Ohio University

Jack Whitehead

Jack Whitehead Profile Picture


Ph.D., Virginia Tech

Courses Taught

  • BIOS 1300/1310 Anatomy & Physiology Laboratory

Research Interests

I am a biologist with a focus on the interface of biology and physics. My interests, broadly, are on how the interplay of physics and biology has influenced how various organisms evolved. My research focuses on a combination of biomechanics and sensory biology. Specifically, I study the kinematics of landing behavior in ducks to examine how they detect and regulate their approach kinematics. This can influence how kinematics change in response to changes in landing substrate, such as landing on water versus a perch or the ground. By studying such behaviors and interactions, we can elucidate how birds’ landing behaviors may be constrained by various aspects of the mechanics of flight and/or their sensory capabilities. This knowledge regarding how birds compensate and adapt to physical constraints can be informative about the evolution of flight, as well as be a source of bio-inspiration and biomimetic design in the development of unmanned aerial vehicles (UAVs).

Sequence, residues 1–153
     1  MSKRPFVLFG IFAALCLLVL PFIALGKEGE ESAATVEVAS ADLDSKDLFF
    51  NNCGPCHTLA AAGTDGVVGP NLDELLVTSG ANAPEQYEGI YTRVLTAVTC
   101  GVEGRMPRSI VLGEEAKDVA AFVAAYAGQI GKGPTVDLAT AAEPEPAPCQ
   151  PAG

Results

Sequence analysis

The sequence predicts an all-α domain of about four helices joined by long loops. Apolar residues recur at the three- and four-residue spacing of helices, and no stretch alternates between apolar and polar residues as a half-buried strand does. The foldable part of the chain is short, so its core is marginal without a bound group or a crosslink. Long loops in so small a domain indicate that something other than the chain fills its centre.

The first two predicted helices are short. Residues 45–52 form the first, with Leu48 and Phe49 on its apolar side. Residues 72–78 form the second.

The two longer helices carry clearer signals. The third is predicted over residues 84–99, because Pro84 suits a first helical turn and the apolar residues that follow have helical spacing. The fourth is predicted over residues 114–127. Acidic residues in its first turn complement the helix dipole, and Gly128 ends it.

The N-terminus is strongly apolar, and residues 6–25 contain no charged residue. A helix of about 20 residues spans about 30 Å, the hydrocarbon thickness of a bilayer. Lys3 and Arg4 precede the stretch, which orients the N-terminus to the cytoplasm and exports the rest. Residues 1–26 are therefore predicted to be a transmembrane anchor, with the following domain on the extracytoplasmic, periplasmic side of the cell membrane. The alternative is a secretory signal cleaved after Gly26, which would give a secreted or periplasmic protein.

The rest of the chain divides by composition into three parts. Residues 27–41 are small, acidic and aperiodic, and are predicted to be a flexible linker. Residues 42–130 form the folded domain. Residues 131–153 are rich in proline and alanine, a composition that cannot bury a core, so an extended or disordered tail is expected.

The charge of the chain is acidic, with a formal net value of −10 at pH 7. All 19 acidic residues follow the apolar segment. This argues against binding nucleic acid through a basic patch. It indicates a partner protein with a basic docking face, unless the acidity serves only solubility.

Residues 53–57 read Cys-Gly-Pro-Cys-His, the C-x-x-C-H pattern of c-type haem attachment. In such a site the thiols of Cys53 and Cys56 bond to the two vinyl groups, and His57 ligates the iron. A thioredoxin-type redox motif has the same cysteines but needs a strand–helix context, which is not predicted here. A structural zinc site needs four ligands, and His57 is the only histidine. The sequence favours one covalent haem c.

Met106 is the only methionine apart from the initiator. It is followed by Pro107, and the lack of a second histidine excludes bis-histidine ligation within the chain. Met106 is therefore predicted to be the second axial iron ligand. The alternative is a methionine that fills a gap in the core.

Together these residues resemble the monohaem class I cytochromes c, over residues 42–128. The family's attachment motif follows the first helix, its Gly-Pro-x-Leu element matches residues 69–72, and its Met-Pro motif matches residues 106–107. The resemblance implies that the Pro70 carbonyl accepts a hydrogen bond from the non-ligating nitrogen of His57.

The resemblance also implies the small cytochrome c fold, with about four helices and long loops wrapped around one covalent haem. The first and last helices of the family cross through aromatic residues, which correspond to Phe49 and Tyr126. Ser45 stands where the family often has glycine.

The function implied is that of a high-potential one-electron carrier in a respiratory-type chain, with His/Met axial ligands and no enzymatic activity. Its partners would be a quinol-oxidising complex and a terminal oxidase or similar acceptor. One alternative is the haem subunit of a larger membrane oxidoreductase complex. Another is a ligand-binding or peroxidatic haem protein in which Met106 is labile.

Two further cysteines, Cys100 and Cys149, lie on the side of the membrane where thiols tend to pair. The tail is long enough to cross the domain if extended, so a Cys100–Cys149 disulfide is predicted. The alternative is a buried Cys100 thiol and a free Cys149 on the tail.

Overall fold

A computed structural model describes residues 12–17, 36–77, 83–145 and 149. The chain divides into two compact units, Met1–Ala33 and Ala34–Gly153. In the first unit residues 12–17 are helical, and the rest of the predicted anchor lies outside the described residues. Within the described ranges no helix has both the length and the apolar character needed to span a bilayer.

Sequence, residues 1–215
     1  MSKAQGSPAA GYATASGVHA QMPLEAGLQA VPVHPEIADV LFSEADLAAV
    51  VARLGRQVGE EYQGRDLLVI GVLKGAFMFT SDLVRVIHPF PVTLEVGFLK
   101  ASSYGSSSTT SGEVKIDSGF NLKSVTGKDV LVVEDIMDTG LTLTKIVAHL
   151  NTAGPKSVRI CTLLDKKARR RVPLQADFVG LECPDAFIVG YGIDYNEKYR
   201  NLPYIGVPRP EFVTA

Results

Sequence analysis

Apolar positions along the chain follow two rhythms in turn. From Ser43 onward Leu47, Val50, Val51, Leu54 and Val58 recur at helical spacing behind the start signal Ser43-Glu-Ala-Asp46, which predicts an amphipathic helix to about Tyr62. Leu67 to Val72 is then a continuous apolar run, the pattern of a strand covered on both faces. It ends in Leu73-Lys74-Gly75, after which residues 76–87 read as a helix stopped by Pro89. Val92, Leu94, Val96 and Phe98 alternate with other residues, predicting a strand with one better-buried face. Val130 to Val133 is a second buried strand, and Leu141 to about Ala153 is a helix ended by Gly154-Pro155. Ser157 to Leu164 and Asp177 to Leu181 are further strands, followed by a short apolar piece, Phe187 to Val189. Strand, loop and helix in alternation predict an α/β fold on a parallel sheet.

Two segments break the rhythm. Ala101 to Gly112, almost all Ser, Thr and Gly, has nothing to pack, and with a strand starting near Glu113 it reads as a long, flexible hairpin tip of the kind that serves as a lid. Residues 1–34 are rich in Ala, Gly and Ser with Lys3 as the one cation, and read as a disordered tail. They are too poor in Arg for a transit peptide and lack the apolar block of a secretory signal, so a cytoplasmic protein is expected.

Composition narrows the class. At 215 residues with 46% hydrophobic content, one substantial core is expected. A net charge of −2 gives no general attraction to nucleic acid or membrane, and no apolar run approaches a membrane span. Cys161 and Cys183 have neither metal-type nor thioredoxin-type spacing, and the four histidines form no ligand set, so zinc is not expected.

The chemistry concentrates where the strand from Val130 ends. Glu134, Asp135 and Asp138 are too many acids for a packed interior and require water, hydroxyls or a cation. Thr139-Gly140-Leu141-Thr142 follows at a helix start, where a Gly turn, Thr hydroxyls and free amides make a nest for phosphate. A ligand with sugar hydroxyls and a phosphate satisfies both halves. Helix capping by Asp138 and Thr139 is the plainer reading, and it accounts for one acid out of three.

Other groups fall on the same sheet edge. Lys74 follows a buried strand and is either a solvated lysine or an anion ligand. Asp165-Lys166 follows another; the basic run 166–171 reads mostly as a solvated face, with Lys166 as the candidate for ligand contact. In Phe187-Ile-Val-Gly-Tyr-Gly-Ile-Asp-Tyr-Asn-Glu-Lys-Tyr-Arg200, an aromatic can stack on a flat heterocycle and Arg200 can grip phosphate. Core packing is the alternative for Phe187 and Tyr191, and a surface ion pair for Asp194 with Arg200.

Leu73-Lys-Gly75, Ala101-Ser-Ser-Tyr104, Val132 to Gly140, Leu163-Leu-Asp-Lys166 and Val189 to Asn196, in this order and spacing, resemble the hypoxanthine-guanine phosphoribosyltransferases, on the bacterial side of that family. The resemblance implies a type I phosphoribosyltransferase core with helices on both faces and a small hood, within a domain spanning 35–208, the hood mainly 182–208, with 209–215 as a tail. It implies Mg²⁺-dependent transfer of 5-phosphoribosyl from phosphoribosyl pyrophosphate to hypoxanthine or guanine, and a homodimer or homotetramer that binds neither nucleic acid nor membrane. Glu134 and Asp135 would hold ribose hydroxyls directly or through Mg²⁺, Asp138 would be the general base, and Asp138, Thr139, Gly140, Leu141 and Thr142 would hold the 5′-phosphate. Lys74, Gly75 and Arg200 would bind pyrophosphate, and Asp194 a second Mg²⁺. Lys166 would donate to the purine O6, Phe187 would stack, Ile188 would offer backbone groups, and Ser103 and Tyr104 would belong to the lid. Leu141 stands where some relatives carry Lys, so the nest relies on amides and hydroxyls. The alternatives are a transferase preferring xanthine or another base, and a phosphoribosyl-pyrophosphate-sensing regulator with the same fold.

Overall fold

I earned my B.S. in Biology from Juniata College. There, I contributed to research on protein folding and bioinformatics, while during the summers I participated in internships where I worked on pharmaceutical studies for cancer treatments and ecological studies on invasive species. It was through these diverse research experiences that I discovered that my interests in biology were in the integration of biology with other fields. As a result, I entered Virginia Tech in pursuit of my Ph.D. through the MultiSTEPS program (now BIOTRANS). There, I worked with Dr. John Phillips (Professor of Biology) and Dr. Jake Socha (Professor of Biomedical Engineering and Mechanics) in both biology and engineering. They presented me with the opportunity to pursue a number of projects focusing on navigation and locomotion. In the end, I focused my pursuits at the interface of the mechanics of flight and sensory biology, where I continue to work. However, I am always interested to discuss and investigate new and integrative projects.